by Steven Parfitt
22nd November 2019
In February 2018, members of the University and College Union (UCU) at more than sixty UK universities went on strike. They braved the snow, the cold, and lost pay for fourteen days to prevent their pensions plan, the University Superannuation Scheme (USS), moving from a defined benefits scheme to a defined contributions scheme – a change that would have meant £240,000 lost for the average academic. They succeeded. The proposed change was shelved, and its in place the universities and UCU agreed to form a joint working group to explore alternative ways to protect the USS.
Now UK universities face another prolonged strike, this time eight days long and beginning on 25 November. Part of it is again about pensions. The joint working group has failed to agree on the valuation of the fund, and so contributions must rise, future benefits fall. The strike is then again about the future of the USS. Unlike the last strike, this one also includes a number of other issues. One is pay. The UCU wants 3%, as part of a long-term plan to claw back some of the 20.8% drop in real wages for UCU members in the past decade. Other unions representing other workers on campus – Unison, Unite, and so on – have put in their own claims for an above-inflation rise in pay. In this, university workers are simply expressing the same anger with wage stagnation or even wage decline felt by millions of public- and private-sector workers across the UK.
But there is more to the strike this time than easily quantifiable demands (as with pay) or murky actuarial calculations (as with pensions). Just as myself and many other commentators noted at the time, the February 2018 strike may have ostensibly been about pensions, and that crucial gap between defined benefit and defined contribution systems, but for many of those on the picket line it became about a whole raft of wider issues: the increasing burden of work for permanent staff, the insecurity and low pay of academics on short-term or zero-hour contracts, the whole way in which universities have become businesses, concerned more with multi-million-pound building programmes than with the physical, mental and financial health of the people who keep them running. An entire literature of protest grew up around the picket lines, on social media, wherever UCU members congregated during and after the strike. It was this feeling that allowed Jo Grady, an employment lecturer who became a minor twitter celebrity among UCU members during the strike, to successfully run for the general secretaryship of the union against two more established candidates, each with an established faction behind them.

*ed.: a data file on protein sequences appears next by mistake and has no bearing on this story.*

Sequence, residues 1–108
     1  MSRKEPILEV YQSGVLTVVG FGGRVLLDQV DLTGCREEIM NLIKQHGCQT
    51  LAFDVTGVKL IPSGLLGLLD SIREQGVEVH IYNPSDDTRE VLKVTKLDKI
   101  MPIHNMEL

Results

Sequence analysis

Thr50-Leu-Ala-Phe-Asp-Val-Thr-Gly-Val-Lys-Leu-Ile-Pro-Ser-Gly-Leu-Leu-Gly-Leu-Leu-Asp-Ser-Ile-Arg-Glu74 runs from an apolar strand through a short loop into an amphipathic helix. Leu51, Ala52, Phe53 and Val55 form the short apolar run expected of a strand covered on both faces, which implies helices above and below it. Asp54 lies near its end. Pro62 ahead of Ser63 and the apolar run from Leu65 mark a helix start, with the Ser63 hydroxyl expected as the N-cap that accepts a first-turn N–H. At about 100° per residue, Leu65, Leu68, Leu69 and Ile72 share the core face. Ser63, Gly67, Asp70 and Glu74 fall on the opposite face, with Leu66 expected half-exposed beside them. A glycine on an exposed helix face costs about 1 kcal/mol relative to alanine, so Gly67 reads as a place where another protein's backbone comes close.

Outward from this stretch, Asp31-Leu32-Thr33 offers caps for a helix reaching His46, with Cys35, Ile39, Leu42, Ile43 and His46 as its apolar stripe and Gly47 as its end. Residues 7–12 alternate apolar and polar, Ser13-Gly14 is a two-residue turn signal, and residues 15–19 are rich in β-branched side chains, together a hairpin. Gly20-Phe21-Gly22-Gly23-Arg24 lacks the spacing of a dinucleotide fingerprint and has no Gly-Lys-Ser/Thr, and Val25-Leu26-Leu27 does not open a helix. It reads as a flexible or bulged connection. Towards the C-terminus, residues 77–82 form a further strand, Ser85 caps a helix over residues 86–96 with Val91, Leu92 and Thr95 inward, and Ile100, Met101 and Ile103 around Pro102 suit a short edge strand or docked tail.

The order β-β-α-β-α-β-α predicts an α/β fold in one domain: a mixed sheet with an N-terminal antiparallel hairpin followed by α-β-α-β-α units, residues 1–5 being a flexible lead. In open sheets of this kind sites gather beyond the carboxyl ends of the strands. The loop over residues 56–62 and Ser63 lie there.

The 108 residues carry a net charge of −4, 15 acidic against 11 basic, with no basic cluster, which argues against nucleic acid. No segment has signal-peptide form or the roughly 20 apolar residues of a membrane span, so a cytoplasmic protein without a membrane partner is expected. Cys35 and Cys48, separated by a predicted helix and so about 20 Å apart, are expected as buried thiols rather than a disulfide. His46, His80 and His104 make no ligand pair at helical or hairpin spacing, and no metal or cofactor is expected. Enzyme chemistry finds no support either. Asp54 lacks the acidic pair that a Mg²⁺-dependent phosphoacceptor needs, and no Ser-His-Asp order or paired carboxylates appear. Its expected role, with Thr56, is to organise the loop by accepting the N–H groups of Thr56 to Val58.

This time, these wider issues have been baked in to the strike itself. The issue of casualisation – the remarkable growth in academia of temporary contracts, measured by the year, the semester, even the hour – is now a central demand of the strike. So are wider questions of equality. The gender pay gap, and an identifiable gap between white and BAME academics, are also at stake. And then there is the issue that ties many of these other issues together: workload. Close readers of the press will remember the suicide of one tutor at Cardiff University after he simply couldn’t cope anymore with the stress of an ever-increasing range of teaching, admin and research jobs. Others will note survey after survey of university staff, all with the same consistent finding: that academic and academic support workers, along with other colleagues on campus, find that the university expects more and more of them without any compensation in pay.
These other issues complicate the strike. What, many people have and will ask, would the UCU settle for when it comes to casualisation? What meaningful redress of gender and ethnic imbalances in pay and hiring would settle the dispute? What kind of meaningful national agreement on workload – or indeed on any of these issues – could be reached, in a sector where conditions vary so wildly from university to university? These questions have no easy answer. These are issues where bargaining, such as there has been, is normally left to individual branches, individual institutions, even individual schools, faculties or departments.